Those signs inspired me to write a post about smoking. I grew up when smoking was socially acceptable and widely practiced, and no one worried  about the health effects. My mother and her friends smoked, even in our house. She would drive us to the grocery store, stay in the car and send me inside with 50 cents to purchase a pack of cigarettes for her. She told me, “Tell the clerk it’s for your mother.” In today’s world, my mother would be arrested for child neglect for doing that.

When I was an adult, she quit the habit but unfortunately not before smoking had caused atherosclerosis (hardening) of her leg arteries,limiting blood flow and making walking  painful. Surgery corrected this, but the arteries in her brain were also affected, leading to dementia in late life.

Cigarette advertising was everywhere; billboards, television, magazines. Even JAMA, the Journal of the American Medical Association, had cigarettes ads. I went to medical conferences where, during the breaks, physicians would go into the lobby and light up cigarettes. After just listening to a lecture on heart disease!

All that changed when scientists uncovered the harmful effects of smoking. The Cigarette Labeling and Advertising Act of 1965 required the following health warning, prescribed by Congress, to be placed on all cigarette packages sold in the United States:

CAUTION: CIGARETTE SMOKING MAY BE HAZARDOUS TO YOUR HEALTH.

Gradually,  almost all public places in the United States have been made smoke free.  But even though the smoking rate has steadily declined, smoking is still the leading cause of death and preventable illness in this country and  much of the world.

pie_2015oct

Most people know that cigarette smoking harms our health, being directly linked to heart attacks, strokes, lung and other cancers and emphysema.

But you may not know about some other effects that are less well known or more recently discovered. I’m going to share those with you along with some photos from my walk at Seven Falls.

2015-09-14 13.25.20

 

Effects on pregnancy and babies

Smoking affects fertility, pregnancy, and infants . Smoking can make it harder for a woman to become pregnant and can affect a man’s sperm. Smoking increases risks for:

  • Preterm (early) delivery
  • Miscarriage
  • Stillbirth (death of the baby before birth)
  • Low birth weight
  • Sudden infant death syndrome (known as SIDS or crib death)
  • Ectopic (outside the uterus) pregnancy
  • Cleft lip in infants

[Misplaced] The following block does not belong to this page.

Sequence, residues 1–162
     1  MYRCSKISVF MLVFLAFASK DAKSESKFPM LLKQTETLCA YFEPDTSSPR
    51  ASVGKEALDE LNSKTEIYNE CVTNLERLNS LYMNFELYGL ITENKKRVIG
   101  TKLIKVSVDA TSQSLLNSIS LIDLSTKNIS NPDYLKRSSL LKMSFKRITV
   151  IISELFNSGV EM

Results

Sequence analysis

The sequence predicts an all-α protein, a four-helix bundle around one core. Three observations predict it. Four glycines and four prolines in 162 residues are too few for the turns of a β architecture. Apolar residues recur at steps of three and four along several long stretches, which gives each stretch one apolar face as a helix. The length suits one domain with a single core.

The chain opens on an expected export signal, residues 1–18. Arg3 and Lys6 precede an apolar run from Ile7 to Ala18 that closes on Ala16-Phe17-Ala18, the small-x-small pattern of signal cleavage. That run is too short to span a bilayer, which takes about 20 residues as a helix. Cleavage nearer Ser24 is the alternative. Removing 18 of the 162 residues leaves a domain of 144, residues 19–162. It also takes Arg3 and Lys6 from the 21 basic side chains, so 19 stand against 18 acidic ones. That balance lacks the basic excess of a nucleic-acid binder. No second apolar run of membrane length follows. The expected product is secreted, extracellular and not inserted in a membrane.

2015-09-14 11.20.32

 

 

 

Effects on diabetes

Smoking is a cause of type 2 diabetes mellitus and can impair control of blood glucose (sugar).  The risk of developing diabetes is 30–40% higher for active smokers than nonsmokers. Diabetes is a major cause of atherosclerosis, hardening of the arteries in the heart, kidney, legs, which is also aggravated by smoking. Double trouble.

Effects on bones

Smoking can affect bone health, leading to osteoporosis. Women past childbearing years who smoke have weaker bones than women who never smoked, and are at greater risk for broken bones. Smokers tend to hurt more than non smokers and narcotic type pain meds don’t relieve pain as well as in non-smokers.

Effects on teeth

Smoking affects the health of your teeth and gums and can cause tooth loss. It yellows the teeth as tar builds up in the enamel, also leading to bad breath.

2015-09-14 11.14.48

 

 

 

Effects on eyesight

Smoking can harm your eyesight. It increases your risk for

  • cataracts (clouding of the eye’s lens that makes it hard for you to see) and
  • age-related macular degeneration (damage to a small spot near the center of the retina, the part of the eye needed for central vision).

 

Effects on inflammation

Smoking aggravates and may even cause several chronic inflammatory diseases, including

  • Rheumatoid arthritis
  • Systemic Lupus Erythematosus- SLE or lupus
  • Multiple sclerosis

Effects on skin

And, it affects your appearance.

By decreasing circulation, smoking causes the skin to weaken and be more susceptible to infection, wrinkles and acne.

And it increases the risk for grey hair and baldness.

 

2015-09-14 11.53.11

 

 

This is the bad news. Fortunately, the good news is that there are many resources available to help you quit smoking. The link at the bottom will lead you to help. Of course, you should ask your  own physician for advice.

If you don’t find the information you need, ask me a question; this is a vast topic and there is much more we can explore.

 

2015-09-14 11.55.57

arrived at the falls

 

Here is the link to becoming

  SMOKE FREE

For help from your state quitline:

1-800-QUITNOW (1-800-784-8669)

 

2015-09-14 11.56.43

at the base of the last fall

Another interesting and fun attraction in Colorado Springs

the U.S. Olympic Training Center 

 

In this fictional story, one of the main characters quit smoking. You can too.

                                                  Say Goodbye for Now

SAY GOODBYE FOR NOW- A Novel

SAY GOODBYE FOR NOW by Catherine Ryan Hyde